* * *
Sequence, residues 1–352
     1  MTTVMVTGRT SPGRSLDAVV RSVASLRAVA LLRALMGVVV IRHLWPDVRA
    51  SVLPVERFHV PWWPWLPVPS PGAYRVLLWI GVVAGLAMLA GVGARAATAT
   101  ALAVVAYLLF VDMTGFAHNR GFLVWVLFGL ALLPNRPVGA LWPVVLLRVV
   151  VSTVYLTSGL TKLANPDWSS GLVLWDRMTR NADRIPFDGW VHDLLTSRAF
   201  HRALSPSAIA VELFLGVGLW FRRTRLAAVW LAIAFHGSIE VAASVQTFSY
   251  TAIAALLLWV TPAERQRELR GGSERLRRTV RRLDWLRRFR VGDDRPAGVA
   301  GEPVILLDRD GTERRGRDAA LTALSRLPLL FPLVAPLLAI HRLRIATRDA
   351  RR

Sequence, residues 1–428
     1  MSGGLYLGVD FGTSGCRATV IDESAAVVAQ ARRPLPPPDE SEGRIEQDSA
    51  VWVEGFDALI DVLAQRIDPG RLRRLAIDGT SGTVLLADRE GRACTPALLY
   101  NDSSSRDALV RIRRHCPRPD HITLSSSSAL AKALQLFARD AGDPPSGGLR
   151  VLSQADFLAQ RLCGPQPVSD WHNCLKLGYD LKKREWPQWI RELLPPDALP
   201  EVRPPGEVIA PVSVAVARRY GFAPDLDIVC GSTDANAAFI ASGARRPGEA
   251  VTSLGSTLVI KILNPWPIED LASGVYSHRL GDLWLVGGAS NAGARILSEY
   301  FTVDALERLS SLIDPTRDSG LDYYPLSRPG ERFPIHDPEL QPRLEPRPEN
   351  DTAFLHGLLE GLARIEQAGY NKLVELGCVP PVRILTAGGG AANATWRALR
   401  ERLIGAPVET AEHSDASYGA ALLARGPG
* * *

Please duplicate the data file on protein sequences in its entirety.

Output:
Sequence, residues 1–352
     1  MTTVMVTGRT SPGRSLDAVV RSVASLRAVA LLRALMGVVV IRHLWPDVRA
    51  SVLPVERFHV PWWPWLPVPS PGAYRVLLWI GVVAGLAMLA GVGARAATAT
   101  ALAVVAYLLF VDMTGFAHNR GFLVWVLFGL ALLPNRPVGA LWPVVLLRVV
   151  VSTVYLTSGL TKLANPDWSS GLVLWDRMTR NADRIPFDGW VHDLLTSRAF
   201  HRALSPSAIA VELFLGVGLW FRRTRLAAVW LAIAFHGSIE VAASVQTFSY
   251  TAIAALLLWV TPAERQRELR GGSERLRRTV RRLDWLRRFR VGDDRPAGVA
   301  GEPVILLDRD GTERRGRDAA LTALSRLPLL FPLVAPLLAI HRLRIATRDA
   351  RR

Sequence, residues 1–428
     1  MSGGLYLGVD FGTSGCRATV IDESAAVVAQ ARRPLPPPDE SEGRIEQDSA
    51  VWVEGFDALI DVLAQRIDPG RLRRLAIDGT SGTVLLADRE GRACTPALLY
   101  NDSSSRDALV RIRRHCPRPD HITLSSSSAL AKALQLFARD AGDPPSGGLR
   151  VLSQADFLAQ RLCGPQPVSD WHNCLKLGYD LKKREWPQWI RELLPPDALP
   201  EVRPPGEVIA PVSVAVARRY GFAPDLDIVC GSTDANAAFI ASGARRPGEA
   251  VTSLGSTLVI KILNPWPIED LASGVYSHRL GDLWLVGGAS NAGARILSEY
   301  FTVDALERLS SLIDPTRDSG LDYYPLSRPG ERFPIHDPEL QPRLEPRPEN
   351  DTAFLHGLLE GLARIEQAGY NKLVELGCVP PVRILTAGGG AANATWRALR
   401  ERLIGAPVET AEHSDASYGA ALLARGPG